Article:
As they heal, the scarring, the contracture, the deteriorated muscles all loosen up, become more elastic, and develop better resilience.  These tissues that haven’t really moved over the excursion of the joint is now going to start moving over a normal excursion of the joint. If the tissues are forced to work too hard, too soon, injury will result.

      Those injuries can take six months to recover. It's like any other pulled muscle, like any other torn muscle.

      Our philosophy is to allow gradual, incremental return at a slow pace with careful attention to symptoms of pain, stiffness, and swelling.
      Return to one activity at a time. Don’t start running, jogging, cycling and traveling and doing a lot of things all at once.
      Start with simple, low-impact activities first (walking programs, elliptical, stationary bike, water aerobics).  Avoid high-intensity, decelerating activities that can lead to injury.

      Allow your return to recreation to occur incrementally, being careful to note any problems that arise with each increment. Pay attention to and record any symptoms of pain and swelling and allow yourself to recover before resuming.  
      Avoid high risk activities that could lead to fracture or implant failure.

    • What will happen in the operating room?

      Your nurse will take you to the operating room and you will be placed on the operating table. In the operating room you will notice there will be several people; a surgical tech that will be responsible for passing instruments and several nurses. The room is often cold. It is important to maintain a temperature that reduces the risk of infection. If you have any questions, please do not hesitate to ask them so we can make your brief time in the operating room more comfortable.

    • Do you cut through the quadriceps?

      We use an approach that is based on minimally invasive surgical techniques. This includes utilizing a mobile soft tissue window.   We do not use a tourniquet which has been shown to lead to less pain and bruising and less quadriceps pain compared to the those surgeons who use a tourniquet.

    • How long is recovery?

      • Typically, it takes about two days to start decreasing narcotic use. Although 30% of patients are able to use no narcotics at all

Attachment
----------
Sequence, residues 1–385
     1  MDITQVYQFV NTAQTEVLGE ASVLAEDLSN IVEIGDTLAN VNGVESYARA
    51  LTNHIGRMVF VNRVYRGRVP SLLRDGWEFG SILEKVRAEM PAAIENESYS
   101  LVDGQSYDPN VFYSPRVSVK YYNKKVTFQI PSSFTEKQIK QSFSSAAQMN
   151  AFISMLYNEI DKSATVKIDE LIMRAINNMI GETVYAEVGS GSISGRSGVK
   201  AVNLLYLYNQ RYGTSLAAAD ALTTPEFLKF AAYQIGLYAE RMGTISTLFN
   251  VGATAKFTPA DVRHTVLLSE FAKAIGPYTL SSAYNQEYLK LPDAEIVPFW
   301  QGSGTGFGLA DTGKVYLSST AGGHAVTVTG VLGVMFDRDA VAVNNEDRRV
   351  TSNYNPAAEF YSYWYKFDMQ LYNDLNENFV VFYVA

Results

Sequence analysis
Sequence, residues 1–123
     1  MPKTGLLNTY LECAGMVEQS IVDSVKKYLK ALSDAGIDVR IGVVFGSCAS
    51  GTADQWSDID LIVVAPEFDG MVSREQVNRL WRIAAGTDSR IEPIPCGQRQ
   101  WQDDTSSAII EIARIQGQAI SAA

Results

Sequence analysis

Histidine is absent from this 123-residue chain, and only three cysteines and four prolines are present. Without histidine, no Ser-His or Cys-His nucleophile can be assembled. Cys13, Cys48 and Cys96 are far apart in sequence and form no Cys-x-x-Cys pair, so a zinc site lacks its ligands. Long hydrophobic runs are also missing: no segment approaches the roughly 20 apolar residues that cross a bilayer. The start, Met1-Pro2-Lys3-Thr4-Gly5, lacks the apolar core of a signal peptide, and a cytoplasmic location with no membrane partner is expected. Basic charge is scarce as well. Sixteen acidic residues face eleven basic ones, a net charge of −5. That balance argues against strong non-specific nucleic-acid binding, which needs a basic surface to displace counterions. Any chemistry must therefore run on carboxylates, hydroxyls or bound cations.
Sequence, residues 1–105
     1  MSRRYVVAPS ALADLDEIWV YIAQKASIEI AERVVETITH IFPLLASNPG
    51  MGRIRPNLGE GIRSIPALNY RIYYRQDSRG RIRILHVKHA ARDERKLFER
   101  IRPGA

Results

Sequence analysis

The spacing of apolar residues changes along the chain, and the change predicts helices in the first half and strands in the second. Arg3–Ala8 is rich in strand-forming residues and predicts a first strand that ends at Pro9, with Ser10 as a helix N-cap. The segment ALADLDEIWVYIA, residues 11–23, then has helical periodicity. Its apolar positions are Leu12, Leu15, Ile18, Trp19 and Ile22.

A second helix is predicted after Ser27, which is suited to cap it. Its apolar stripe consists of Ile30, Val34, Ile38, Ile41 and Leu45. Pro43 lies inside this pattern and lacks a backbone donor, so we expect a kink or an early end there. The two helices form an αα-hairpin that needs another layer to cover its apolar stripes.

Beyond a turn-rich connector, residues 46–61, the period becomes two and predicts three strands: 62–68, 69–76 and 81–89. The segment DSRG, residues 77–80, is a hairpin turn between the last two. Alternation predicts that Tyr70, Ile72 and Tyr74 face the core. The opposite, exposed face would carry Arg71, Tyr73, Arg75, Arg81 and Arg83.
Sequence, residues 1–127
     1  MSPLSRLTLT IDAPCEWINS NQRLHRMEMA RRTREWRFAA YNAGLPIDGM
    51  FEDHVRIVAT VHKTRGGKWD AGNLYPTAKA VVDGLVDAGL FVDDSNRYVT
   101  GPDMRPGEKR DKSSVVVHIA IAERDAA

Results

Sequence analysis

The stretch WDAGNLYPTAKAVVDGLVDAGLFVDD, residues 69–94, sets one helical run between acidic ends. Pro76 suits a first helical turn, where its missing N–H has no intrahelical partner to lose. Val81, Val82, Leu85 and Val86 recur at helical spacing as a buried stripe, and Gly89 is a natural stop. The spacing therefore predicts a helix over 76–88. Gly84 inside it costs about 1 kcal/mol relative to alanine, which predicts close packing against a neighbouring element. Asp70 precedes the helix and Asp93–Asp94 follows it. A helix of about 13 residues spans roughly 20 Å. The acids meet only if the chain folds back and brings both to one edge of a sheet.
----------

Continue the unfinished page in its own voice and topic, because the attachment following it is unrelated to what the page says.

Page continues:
• It takes 7 to 10 days before patients are independent enough to start thinking about driving or considering community ambulation, getting to the clinic and starting outpatient physical therapy.
      • It takes 4 to 6 weeks before patients are reaching activity levels they were at prior to surgery. It takes up to two months before the joint replacement is truly beginning to improve to its maximum.
      • It can take up to two years for the hip or knee replacement to finish improving.

    • Is there anything I can take to reduce the pain?

      Pain management is a complex combination of cold therapy (icing), use of multimodal pain management including anti-inflammatories and acetaminophen, and the occasional use of narcotics. This is best managed specifically with your physician.

    • When do I stop eating and drinking?

      Do not eat, drink, or chew gum after midnight the day before your surgery.  The anesthesia team will tell you which medicines they want you to take the morning of surgery.

    • What do I wear the morning of surgery?

      Loose fitting clothing - easy on and easy off is best.  When you arrive at the surgery center or hospital, we will ask you to wear a surgical gown. Following the procedure, loose comfortable clothing will make it easier for you to get dressed and home safely.

    • What can I bring to the hospital?

      • Plan like you are going on a short vacation.
      • Bathroom supplies, a gown or robe, and loose fitting clothing to wear upon discharge.
      • Bring a list of your current medications as a reference, if needed.

    • Can I wear make-up the morning of surgery?

      Please do not wear any make-up on the day of your surgery. This may interfere with our ability to perform anesthesia.

    • Can I wear nail polish or acrylic nails?

      We ask that when you come to surgery that you do not have nail polish on your fingernails. During surgery we monitor your oxygen level through the fingertip. This can interfere with our ability to get a good reading.  The minimum we need is one nail per hand to be without polish. It makes things easier if you remove all polish however.

    • Do I need to take out my body piercings?

      Please do your best to remove all body piercings prior to surgery.  We use electrocautery to help minimize blood loss. Electric current could be a problem with piercings.